The global growth in the volume of data is often compared to digital evolution and the progress of the fourth industrial revolution. In my company, OP Financial Group, for example, the volume of data contained by analytical databases, let alone raw data, has dramatically increased year by year. Our significant data capital makes it possible to provide unique benefits to our clients, stakeholders and the entire society.
Goodbye, volume of data…
Talking about the volume of data is common and understandable, but talking about just petabytes is one-sided and even misleading. The volume of data does not have a direct impact on the competitiveness of business, the quality of innovation or decisions, or the benefit experienced by the client.
Therefore, instead, or at least alongside, quality, we should focus on talking about the value of data. Measuring the intrinsic value of data or the value it generates is the big data-management question of our time. There are several justified perspectives on it but, for the time being, very little understanding or commonly accepted indicators.
…welcome, value of data
However, we have to stand up to the challenge. Data is valuable when it provides benefit. That is, when it is used – or can be used – in a way that creates new value. Asking about the benefit created from a specific set of data to business, client or society, for example, is the right question.
When a chatbot helps an online banking customer, when well-trained artificial intelligence identifies risks in the monetary system, or when a digital coach provides personal advice through a mobile channel to help a customer keep their finances under control, new value is created. Value is also created when high-quality code reduces the power consumption of data centres or consumes less bandwidth or storage space. When positive changes are reflected onto people, society or the environment, the value of data increases further.
The better a company generates value with data, the more valuable the data and the company itself are. Metaphorically, roundwood is far more valuable as a raw material for biocomposites than pulp. Innovation and refining expertise have an impact on the value of data.
Quality is also decisive when it comes to data
Value creation requires enough data, but the quality of the data raw material is more important than its quantity – whether “quality” here refers to freshness, accuracy, usability or availability. High-quality data is, of course, also valuable per se, and high quality is also the norm when selling data.
Because the volume of data is rising dramatically every second, the volume and use of data must be actively managed. From the point of view of the quality of data, value creation and also risk management, managing the life cycle of data is a significant area. The more data is created and stored, the more resources its quality and risk management require, let alone its operation.
All data must have a life cycle of its own, from birth to safe destruction or reuse. Therefore, we need to turn our eyes to the fragile balance between the amount of data and the value created with it.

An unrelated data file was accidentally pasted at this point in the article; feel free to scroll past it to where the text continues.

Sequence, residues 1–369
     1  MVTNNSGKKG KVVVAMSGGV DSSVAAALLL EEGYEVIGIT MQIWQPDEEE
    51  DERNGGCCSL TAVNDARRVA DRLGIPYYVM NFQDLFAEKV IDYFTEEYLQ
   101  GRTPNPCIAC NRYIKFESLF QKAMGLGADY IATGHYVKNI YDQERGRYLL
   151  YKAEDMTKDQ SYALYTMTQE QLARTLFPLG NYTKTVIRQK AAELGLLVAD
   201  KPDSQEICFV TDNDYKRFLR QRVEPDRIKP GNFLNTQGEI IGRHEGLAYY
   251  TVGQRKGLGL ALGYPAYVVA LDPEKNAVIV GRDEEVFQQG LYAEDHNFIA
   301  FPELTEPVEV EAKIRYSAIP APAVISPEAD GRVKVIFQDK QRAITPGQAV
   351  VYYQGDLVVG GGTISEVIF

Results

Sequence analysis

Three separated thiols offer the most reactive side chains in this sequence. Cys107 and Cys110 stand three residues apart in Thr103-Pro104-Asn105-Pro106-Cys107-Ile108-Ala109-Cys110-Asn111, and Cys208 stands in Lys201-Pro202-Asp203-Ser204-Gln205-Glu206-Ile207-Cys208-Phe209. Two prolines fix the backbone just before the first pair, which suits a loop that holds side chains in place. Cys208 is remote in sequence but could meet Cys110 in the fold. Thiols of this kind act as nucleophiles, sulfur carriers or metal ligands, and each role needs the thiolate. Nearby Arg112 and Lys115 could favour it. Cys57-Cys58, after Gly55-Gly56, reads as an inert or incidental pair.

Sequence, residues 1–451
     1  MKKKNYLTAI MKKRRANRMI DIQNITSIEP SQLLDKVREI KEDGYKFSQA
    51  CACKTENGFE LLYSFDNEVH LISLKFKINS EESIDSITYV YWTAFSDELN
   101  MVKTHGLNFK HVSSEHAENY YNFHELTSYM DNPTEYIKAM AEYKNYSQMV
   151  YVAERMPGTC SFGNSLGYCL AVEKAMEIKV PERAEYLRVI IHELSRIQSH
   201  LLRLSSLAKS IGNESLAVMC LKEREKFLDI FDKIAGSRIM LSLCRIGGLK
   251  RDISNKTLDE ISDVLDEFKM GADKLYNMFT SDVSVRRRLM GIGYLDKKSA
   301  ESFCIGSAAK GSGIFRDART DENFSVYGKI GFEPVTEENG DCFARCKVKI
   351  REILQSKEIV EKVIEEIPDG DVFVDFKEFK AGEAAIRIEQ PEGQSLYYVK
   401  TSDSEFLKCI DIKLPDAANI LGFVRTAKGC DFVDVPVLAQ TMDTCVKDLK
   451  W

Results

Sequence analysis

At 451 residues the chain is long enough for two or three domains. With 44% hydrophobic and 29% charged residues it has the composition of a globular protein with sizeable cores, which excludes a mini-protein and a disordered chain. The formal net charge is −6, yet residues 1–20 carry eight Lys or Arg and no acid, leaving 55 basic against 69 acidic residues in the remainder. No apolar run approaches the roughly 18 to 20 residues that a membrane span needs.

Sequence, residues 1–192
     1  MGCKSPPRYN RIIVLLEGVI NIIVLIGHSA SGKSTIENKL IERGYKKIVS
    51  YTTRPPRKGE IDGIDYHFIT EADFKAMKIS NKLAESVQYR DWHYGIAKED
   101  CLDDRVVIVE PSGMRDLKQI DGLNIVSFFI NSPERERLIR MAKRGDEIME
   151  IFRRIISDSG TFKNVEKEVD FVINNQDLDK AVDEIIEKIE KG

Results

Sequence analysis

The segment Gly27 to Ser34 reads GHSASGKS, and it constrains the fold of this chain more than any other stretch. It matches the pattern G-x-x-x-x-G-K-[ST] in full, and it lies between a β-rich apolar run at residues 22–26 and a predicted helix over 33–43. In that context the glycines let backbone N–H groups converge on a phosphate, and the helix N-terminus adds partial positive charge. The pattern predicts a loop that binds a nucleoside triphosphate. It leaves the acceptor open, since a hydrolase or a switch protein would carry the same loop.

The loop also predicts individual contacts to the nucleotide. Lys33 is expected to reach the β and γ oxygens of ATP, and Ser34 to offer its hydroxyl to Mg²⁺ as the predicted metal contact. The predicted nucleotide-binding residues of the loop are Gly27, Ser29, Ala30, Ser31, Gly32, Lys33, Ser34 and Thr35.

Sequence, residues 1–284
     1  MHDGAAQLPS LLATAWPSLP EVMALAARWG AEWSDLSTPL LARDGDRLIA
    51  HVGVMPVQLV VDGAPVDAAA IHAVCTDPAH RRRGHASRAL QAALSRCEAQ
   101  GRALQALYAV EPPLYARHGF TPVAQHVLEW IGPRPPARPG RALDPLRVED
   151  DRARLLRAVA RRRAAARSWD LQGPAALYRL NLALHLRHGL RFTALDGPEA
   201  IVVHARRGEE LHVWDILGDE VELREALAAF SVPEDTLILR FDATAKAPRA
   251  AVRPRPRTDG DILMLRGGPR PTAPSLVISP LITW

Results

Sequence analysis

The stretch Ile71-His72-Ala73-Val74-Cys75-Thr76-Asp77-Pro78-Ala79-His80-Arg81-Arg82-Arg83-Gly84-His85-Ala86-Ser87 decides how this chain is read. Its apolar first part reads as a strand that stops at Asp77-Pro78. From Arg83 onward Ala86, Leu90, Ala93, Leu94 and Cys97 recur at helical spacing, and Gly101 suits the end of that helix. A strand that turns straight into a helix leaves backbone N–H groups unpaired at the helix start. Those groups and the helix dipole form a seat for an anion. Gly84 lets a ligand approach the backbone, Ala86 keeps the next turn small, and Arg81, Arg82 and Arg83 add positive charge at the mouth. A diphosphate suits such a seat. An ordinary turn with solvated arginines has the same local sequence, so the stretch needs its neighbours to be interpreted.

Data will create well-being
In recent years, OP Financial Group has been building a more comprehensive model of data value creation that combines data management and use. With the data balance sheet of OP Financial Group, we have aimed to explain our approach to sustainably using our data capital in a value-generating way that matches regulation and customer expectations. We annually publish the results of our work to our stakeholders in the form of a separate data balance sheet.
Future services must create entities that improve people’s quality of life. Comprehensive customer understanding, or data, is the key to the life of the customer. When everything becomes mutually networked, it is time to ask whether data could be of even more benefit when shared or refined together with a partner. The opportunities are great, but they require clear rules from all parties, especially in the highly regulated financial sector.
The success of industrial Finland was based on industry’s high-quality raw materials, expertise in refining them and the narrative of shared well-being. The success story of Finland in the data age is based on the same things. Data and its advanced use will help Finnish businesses to create value for their customers and operate safely and successfully in the rapidly changing and complicated global business environment.
Now, it is our turn to make Finland the world’s leading country for refining data.
Read more about the use of data by Finland’s largest financial group from OP Financial Group’s Data Balance Sheet.
Sitra’s guest blogs give a voice to the players of the future in different fields. They do not necessarily directly link to Sitra’s work or agenda, but are the authors’ thoughts on current issues that relate to the themes Sitra is passionate about. Sameli Mäenpää is Chief Data Officer at OP Financial Group. He has 15 years of banking experience and has been involved in establishing several start-ups.